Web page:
Why So Bearish

Just a couple of weeks ago, these market timers were on average recommending that their clients allocate 80% of their Nasdaq-oriented portfolios to stocks. That was the highest level for this average since 2000, and was a contrarian warning signal that trouble laid directly ahead.
Today, in contrast, the comparable average recommended exposure level is minus 45% (as measured by the Hulbert Nasdaq Newsletter Sentiment Index, or HNNSI). This negative level for the HNNSI means that these market timers on average are recommending that their clients allocate nearly half their Nasdaq-oriented portfolios to going short -- an aggressive bet that the market will continue declining.
-Mark Hulbert, Marketwatch
Market timers are uber bearish as seen in the above article. As an aside, I have been hearing recommendations to buy SDS left and right recently.  I thought these leveraged ETFs were put to bed already after the losses they inflicted.


PJ said...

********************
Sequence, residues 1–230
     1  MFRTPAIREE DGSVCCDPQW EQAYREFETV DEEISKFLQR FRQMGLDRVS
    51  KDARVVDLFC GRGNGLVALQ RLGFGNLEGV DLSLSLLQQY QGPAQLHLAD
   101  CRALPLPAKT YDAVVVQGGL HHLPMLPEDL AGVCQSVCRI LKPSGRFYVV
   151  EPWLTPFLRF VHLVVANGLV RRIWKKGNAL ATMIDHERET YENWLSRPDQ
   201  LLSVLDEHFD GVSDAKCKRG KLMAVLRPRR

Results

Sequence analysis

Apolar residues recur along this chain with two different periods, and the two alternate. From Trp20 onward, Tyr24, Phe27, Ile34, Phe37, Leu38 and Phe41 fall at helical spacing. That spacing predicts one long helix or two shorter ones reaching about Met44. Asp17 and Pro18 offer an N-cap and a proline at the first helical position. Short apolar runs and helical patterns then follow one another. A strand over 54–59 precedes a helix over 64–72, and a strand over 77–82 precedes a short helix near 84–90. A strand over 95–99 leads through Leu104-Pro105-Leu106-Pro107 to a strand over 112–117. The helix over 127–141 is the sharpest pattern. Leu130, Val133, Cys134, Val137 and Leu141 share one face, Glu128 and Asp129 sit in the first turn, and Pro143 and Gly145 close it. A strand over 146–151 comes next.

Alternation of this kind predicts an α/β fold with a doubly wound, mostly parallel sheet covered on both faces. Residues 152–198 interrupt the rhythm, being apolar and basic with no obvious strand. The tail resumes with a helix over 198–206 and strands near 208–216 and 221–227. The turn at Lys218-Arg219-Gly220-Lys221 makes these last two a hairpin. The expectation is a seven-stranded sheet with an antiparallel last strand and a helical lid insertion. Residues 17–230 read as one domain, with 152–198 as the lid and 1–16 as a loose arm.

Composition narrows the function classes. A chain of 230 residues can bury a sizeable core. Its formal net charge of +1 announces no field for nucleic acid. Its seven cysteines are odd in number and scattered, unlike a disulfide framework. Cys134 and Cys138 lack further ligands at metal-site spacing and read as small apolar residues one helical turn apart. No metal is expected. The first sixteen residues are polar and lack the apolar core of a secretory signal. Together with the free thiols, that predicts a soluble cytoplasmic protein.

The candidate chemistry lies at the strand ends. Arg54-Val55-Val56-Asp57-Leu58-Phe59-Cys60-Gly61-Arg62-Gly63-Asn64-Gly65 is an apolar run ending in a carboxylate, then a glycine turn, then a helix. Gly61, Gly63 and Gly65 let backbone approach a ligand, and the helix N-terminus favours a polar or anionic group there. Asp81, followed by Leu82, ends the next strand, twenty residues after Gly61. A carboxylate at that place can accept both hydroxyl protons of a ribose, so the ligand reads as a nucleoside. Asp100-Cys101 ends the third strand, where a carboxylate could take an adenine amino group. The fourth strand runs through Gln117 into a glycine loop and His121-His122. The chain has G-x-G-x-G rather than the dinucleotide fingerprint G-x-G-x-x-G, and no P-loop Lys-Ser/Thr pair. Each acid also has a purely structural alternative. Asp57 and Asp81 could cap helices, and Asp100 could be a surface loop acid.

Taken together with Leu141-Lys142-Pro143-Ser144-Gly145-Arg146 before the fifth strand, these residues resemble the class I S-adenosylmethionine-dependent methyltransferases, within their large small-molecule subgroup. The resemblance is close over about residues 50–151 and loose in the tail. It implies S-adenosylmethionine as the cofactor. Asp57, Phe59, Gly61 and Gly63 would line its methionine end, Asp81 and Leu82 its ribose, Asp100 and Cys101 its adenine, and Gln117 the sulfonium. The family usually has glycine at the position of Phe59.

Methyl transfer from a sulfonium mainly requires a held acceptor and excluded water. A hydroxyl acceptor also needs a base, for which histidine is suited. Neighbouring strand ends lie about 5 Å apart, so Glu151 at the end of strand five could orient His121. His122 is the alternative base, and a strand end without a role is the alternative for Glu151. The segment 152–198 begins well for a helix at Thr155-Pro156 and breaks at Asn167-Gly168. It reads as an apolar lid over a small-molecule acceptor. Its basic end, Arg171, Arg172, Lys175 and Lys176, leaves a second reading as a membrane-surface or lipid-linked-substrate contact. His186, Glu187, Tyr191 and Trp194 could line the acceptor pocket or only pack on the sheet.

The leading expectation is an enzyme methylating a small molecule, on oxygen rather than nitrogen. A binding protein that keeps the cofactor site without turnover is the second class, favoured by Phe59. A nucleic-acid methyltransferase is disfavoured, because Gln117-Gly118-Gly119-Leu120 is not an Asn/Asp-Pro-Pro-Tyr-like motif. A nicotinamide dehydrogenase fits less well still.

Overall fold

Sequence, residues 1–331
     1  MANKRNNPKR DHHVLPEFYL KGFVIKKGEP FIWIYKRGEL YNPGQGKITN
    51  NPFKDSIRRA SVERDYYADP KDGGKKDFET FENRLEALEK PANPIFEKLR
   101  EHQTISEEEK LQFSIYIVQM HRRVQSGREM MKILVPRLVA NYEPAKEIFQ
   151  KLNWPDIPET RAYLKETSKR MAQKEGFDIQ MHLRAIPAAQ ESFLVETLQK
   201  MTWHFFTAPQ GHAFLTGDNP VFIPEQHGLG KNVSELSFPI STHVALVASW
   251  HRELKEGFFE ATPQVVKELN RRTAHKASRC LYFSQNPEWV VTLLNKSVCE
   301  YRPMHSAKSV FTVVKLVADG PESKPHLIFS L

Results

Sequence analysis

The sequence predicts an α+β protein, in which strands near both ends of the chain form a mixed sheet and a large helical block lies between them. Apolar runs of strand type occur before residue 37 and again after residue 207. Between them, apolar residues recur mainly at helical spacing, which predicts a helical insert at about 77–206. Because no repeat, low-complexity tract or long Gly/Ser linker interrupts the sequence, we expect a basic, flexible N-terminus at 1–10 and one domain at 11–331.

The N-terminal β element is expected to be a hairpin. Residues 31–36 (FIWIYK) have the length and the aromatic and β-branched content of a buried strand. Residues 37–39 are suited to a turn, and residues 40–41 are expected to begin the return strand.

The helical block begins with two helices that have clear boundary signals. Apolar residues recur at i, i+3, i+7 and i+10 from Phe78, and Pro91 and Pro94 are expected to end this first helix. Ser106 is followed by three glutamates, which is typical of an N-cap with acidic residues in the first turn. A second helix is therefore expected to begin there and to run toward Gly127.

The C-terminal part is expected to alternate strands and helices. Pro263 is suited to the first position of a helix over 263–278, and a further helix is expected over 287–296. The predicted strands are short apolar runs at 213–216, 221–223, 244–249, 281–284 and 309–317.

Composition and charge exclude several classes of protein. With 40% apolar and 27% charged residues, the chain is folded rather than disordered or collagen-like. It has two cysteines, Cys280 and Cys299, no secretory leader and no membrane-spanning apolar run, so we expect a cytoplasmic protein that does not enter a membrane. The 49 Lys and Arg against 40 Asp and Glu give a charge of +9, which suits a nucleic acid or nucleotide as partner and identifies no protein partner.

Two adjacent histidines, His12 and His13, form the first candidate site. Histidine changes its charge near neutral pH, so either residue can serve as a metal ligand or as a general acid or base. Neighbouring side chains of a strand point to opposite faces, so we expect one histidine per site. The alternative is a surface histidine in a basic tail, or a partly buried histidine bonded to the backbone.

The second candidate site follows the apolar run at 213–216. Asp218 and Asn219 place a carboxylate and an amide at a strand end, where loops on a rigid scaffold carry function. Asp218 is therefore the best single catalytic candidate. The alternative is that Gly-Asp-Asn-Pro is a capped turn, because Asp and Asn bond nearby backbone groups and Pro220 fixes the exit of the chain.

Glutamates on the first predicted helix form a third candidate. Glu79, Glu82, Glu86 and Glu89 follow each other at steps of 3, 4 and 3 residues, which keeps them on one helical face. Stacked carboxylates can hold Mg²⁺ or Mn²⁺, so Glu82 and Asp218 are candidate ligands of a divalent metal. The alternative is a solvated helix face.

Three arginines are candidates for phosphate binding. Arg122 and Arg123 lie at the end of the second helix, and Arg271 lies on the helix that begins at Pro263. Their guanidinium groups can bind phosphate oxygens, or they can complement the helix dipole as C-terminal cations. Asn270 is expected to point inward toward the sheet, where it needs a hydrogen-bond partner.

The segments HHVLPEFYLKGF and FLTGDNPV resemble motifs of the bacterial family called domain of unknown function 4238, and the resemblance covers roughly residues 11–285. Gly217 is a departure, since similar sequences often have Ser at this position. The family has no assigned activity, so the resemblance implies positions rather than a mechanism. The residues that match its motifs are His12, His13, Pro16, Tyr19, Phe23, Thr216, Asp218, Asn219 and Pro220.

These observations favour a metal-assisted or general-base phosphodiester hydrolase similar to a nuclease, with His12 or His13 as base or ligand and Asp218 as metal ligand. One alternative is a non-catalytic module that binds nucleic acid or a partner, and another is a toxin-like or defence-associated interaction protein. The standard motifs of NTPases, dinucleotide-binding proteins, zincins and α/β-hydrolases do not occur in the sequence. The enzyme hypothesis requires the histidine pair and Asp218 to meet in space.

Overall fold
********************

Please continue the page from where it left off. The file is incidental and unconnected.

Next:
On the other hand, I've been surprised by how many bears went bullish for a trade early this week. Tim Knight this morning called himself a "bulltard." Call buying suggests he's not alone.

I'm still planning to put some shorts back on tomorrow if we get a bounce, as I expect. I don't think a bounce will last long. I might cover some shorts Friday at the close, if there's selling before the long weekend.

Tsachy Mishal said...

The vast majority of the evidence points to excess bearishness. I always prefer a 10 day moving average of the put/call ratios.

PJ said...

I agree ... but I balance the 10-day oversold condition against excessive valuations and the need for European banks to delever as their funding costs increase.

The call buying, and Tim Knight & others, indicates there's some short-term speculative buying with tight stops and low commitment that can easily reverse.

I only do short-term trades when the stars align. I'm not sure they're adequately aligned. The Jan-Feb decline ended with heavy put buying and the put buying continued for 2 weeks after the market started rising. This time the market has continued down while the options buyers have switched gears.

It's the opposite signal -- going down despite call buying today, vs going up despite put buying then. I liked that earlier signal better.

I'm so bearish long-term that I don't dare miss my move. Up moves will be retraced, down moves won't. So I don't mind sitting through an up move, but I don't want to miss a down move.

PJ said...

I'm happy. Looks like I'll be able to put back on the remainder of my shorts at better prices than I covered last Thursday. I also got good prices on Monday morning.